(10) If the applicant or certified firm does not agree with the manager’s decision, he or she may request a contested case hearing. The COBID will conduct a contested case hearing in accordance with ORS 183.310 to 183.550. Following the contested case hearing, the Hearings Officer will forward a proposed order to the manager of the COBID for issuance of a final order.

(11) If the applicant or certified firm files an appeal in writing or requests a contested case hearing, the COBID will stay the denial or decertification pending the issuance of the final order. If the applicant or certified firm does not submit a written appeal or request for a contested case hearing to the COBID within the 21-day period, the denial or decertification shall be final.

(12) The COBID will not consider opposing information received about an applicant prior to the initial certification as a complaint, but will consider the information in the investigation of the application for certification.

Stat. Auth.: ORS 200.055
Stats. Implemented: ORS 200.055
Hist.: OBDD 17-2010, f. 4-30-10, cert. ef. 5-1-10; Renumbered from 123-200-0090, OBDD 7-2013, f. & cert. ef. 9-3-13; OBDD 1-2016, f. & cert. ef. 1-5-16

123-200-2100 [Renumbered to 123-200-2300]

123-200-2200

Representation of the COBID by Officer or Employee in Contested Case Hearings

(1) An officer or employee of the COBID may appear on behalf of the COBID in contested case hearings, subject to the approval and authorization of the Attorney General.

(2) The COBID representative may not make legal argument on behalf of the COBID.

(a) "Legal argument" includes arguments on:

(A) The jurisdiction of the COBID to hear the contested case;

(B) The constitutionality of a statute, rule, or the application of a constitutional requirement to the COBID; and

(C) The application of court precedent to the facts of the particular contested case proceeding.

(b) "Legal argument" does not include presentation of evidence, examination and cross-examination of witnesses, presentation of factual arguments, or arguments on:

(A) The application of the facts to the statutes or rules directly applicable to the issues in the contested case;

(B) Comparison of prior actions of the COBID in handling similar situations;

(C) The literal meaning of the statutes or rules directly applicable to the issues in the contested case; and

(D) The admissibility of evidence of the correctness of procedures followed.

(3) When an officer or employee of the COBID represents the agency, the presiding officer shall advise the representative of the manner in which to make objections and which matters to preserve for appeal. Such advice is of a procedural nature and does not change applicable law on waiver of the duty to make timely objection. Where such objections involve legal argument, the presiding officer shall provide reasonable opportunity for the agency officer or employee to consult legal counsel and permit such legal counsel to file written legal argument within a reasonable time after conclusion of the hearing.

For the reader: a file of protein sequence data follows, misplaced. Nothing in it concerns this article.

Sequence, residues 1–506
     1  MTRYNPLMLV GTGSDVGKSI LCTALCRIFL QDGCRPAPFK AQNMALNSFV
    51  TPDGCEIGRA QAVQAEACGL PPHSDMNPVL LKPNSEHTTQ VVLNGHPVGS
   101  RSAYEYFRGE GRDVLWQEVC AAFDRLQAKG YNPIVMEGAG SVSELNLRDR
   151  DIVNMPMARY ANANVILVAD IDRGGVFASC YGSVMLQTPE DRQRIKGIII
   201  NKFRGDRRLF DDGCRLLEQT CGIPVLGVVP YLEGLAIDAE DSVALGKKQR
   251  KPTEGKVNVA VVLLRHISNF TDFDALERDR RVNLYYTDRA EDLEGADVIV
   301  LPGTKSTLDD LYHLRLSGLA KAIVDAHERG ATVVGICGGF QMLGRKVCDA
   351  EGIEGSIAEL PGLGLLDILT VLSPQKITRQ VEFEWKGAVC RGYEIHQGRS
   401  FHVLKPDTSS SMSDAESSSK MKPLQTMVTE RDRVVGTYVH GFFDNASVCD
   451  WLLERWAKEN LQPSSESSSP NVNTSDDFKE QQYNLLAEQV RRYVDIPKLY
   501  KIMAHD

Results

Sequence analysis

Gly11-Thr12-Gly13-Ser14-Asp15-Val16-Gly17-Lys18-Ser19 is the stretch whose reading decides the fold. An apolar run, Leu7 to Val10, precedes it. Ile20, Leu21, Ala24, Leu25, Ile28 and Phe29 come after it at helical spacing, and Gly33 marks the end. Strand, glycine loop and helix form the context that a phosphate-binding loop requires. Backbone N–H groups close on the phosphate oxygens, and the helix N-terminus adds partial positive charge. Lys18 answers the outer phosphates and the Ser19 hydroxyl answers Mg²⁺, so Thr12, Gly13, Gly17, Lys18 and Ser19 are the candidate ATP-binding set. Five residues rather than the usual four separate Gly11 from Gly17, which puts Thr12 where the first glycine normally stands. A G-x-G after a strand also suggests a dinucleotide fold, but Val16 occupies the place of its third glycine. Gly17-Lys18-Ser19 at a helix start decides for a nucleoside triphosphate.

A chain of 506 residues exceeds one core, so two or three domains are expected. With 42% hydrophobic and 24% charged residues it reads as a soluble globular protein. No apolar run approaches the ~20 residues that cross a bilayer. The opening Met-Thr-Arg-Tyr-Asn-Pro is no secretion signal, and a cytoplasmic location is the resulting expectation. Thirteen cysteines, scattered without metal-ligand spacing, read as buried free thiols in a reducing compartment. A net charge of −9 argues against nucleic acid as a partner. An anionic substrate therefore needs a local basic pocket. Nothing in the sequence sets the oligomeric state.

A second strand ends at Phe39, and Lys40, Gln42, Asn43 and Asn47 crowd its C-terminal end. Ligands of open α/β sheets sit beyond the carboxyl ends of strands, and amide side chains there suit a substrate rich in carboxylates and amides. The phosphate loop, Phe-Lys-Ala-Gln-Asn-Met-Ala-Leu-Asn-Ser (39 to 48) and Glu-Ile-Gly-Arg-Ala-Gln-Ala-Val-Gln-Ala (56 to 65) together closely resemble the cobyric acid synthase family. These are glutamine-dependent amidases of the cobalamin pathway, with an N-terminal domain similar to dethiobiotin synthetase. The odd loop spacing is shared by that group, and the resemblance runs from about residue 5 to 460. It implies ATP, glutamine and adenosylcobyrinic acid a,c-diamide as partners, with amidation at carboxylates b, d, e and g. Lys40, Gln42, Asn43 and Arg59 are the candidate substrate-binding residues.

Stat. Auth.: ORS 183.450(7) & 183.450(8)
Stats. Implemented: ORS 183.450(7)(b)
Hist.: OBDD 17-2010, f. 4-30-10, cert. ef. 5-1-10; Renumbered from 123-200-0190, OBDD 7-2013, f. & cert. ef. 9-3-13; OBDD 1-2016, f. & cert. ef. 1-5-16

123-200-2210

Contracting Agency Responsibilities

(1) It is the public agency’s sole responsibility to perform commercially useful function (CUF) reviews.

(2) The COBID may consider and review the CUF reviews completed by the public contracting agency or any other relevant factors when determining whether the certified firm has exhibited a pattern of failing to perform CUFs.

(3) Notwithstanding any other part of this section, the COBID and a public contracting agency may enter into an agreement to share and protect information and otherwise cooperate in order to facilitate the enforcement of ORS 200.065 and ORS 200.075, as permitted by ORS 192.410 to 192.505.

(a) The COBID, for purposes of an investigation regarding certification, will consider CUF reviews under the following circumstances:

(i) During the course of a project

(ii) When multiple reviews occur over an extended period suggesting reoccurring violations

(iii) Within three years of the discovery of an alleged CUF failure.

(4) CUF reviews and investigations shall consider the following:

(a) Whether the certified firm is responsible for execution of the work outlined in the public contract and carries out its responsibilities by actually performing, managing, and supervising the work involved. The public agency may evaluate the amount of work contracted and standard industry practices.

(b) Whether a certified firm is responsible, with respect to materials and supplies used on the contract, for negotiating price; determining quality and quantity; ordering the material and installing (where applicable); and paying for the material.